Volunteers help plant Monterey’s first community garden.
Thursday, July 30, 2009
As Monterey County communities gain momentum in their sustainability initiatives, one thing is clear – these initiatives require citizen action. Enter a group of volunteers partnering with the city of Monterey to plant a community garden behind Colton Hall.
Megan Tolbert, director of Monterey Green Action, hopes it will be the first of many around town. “The main goal is to create a public space that demonstrates an aesthetically pleasing garden using edible plants, and to engage the community to have a place where they can come and ask questions.”
While MGA and the city work out the kinks about the gardens, a large group of volunteers waits for permission to begin working on it. Doug Stafford, superintendent of Monterey Parks and Recreation, says plans won’t be finalized for at least two weeks. “One of the questions to be answered is, will the city run and coordinate it, and then have groups that participate, or would we have some sort of an agreement that somebody else would run it?” he says.
The garden, currently a small empty lot behind the historic city hall building, will grow native plants, fruits and vegetables.
A couple of months ago, following a brainstorming session with other Monterey residents, Tolbert proposed the garden to the Monterey City Council. “That [garden] is one of the items we have in our tool chest for being a green community,” Monterey Mayor Chuck Della Sala says. The city owns the lot and will provide drip irrigation.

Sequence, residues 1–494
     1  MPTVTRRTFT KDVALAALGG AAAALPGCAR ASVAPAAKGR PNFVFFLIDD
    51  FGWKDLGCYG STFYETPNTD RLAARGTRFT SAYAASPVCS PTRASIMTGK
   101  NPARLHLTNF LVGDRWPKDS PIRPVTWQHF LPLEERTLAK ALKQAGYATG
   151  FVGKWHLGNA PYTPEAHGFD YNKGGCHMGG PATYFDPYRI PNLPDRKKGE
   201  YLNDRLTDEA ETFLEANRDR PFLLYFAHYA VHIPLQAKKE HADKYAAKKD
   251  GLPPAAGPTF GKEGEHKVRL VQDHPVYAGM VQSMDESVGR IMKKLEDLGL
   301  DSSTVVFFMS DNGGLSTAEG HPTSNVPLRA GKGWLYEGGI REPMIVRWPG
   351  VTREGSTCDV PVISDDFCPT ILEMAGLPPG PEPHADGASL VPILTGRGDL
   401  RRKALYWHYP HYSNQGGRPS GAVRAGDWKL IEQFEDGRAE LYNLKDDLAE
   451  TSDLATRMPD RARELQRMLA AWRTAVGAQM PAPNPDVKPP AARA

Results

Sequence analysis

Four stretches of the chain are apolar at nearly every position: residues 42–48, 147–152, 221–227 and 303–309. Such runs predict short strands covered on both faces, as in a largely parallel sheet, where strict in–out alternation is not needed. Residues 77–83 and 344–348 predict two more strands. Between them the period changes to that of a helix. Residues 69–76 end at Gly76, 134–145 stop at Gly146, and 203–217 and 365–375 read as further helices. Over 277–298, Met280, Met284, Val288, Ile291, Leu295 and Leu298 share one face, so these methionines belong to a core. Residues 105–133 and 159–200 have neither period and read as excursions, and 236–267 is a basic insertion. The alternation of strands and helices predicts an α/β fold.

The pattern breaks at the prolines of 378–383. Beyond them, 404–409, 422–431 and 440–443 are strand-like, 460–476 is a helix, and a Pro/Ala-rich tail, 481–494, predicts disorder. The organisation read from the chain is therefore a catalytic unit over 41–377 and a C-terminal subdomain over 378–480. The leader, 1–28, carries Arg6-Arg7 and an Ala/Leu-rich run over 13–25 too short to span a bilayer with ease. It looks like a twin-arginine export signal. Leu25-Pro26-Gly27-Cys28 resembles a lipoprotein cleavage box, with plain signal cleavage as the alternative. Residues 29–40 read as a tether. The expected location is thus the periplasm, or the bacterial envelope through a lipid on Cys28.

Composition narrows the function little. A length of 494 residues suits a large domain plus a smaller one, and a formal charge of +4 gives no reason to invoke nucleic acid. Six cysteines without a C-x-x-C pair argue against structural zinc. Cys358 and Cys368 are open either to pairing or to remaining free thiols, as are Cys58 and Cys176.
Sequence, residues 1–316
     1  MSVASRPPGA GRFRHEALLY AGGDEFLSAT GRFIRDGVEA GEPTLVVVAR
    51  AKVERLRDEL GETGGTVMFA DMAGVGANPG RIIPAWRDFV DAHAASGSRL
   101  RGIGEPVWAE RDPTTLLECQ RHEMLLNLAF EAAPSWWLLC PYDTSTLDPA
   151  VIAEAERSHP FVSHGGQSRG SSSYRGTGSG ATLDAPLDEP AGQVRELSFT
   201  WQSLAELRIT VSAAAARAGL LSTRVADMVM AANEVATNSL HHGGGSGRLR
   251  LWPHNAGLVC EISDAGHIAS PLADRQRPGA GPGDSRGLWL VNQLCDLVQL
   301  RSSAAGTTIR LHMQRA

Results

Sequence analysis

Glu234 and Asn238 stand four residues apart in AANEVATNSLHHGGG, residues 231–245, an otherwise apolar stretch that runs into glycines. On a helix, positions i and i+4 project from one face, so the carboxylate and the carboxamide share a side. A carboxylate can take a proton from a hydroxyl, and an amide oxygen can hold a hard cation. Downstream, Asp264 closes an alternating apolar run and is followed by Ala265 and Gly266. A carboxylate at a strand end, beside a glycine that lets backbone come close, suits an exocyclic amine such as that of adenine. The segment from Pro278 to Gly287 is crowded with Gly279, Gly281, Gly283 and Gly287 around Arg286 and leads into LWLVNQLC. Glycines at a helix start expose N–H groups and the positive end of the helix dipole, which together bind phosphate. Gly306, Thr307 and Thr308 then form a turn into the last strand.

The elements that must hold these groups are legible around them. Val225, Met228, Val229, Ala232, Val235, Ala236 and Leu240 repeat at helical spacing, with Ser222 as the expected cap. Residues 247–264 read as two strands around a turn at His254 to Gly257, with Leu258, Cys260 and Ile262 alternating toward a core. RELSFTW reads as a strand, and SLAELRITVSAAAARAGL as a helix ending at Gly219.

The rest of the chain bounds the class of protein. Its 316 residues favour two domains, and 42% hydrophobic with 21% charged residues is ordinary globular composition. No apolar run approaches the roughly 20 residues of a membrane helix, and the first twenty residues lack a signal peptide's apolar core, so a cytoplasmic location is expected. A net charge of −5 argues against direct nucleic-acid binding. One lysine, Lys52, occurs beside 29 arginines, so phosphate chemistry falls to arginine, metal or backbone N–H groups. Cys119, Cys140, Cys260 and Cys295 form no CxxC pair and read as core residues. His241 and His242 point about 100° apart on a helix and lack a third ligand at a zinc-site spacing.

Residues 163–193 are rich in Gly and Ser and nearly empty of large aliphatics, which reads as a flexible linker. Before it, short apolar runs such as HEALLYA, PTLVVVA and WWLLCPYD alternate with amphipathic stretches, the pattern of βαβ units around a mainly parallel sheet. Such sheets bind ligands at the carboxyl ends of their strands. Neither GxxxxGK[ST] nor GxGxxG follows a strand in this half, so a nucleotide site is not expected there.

Tolbert says local food sources – like community gardens – are a fundamental part of sustainable eating. “They’re a source of high-quality food, you’re able to connect yourself with the seasons and the land. It’s a harmonious integration in sustainability.”
To date, a small group of volunteers has tilled parts of the lot and planted clover and wildflowers. They will begin hauling Naanva Tea compost from local restaurants in August, and are communicating with the Monterey Institute of International Studies to share ideas from the garden the school started last year.
Looking ahead, MGA wants to start a bicycle loan program in conjunction with the garden.
“We see a rise in the need for volunteer and community efforts to maintain the quality of life in cities,” Tolbert says. “This is just one step forward in getting that higher quality of life.”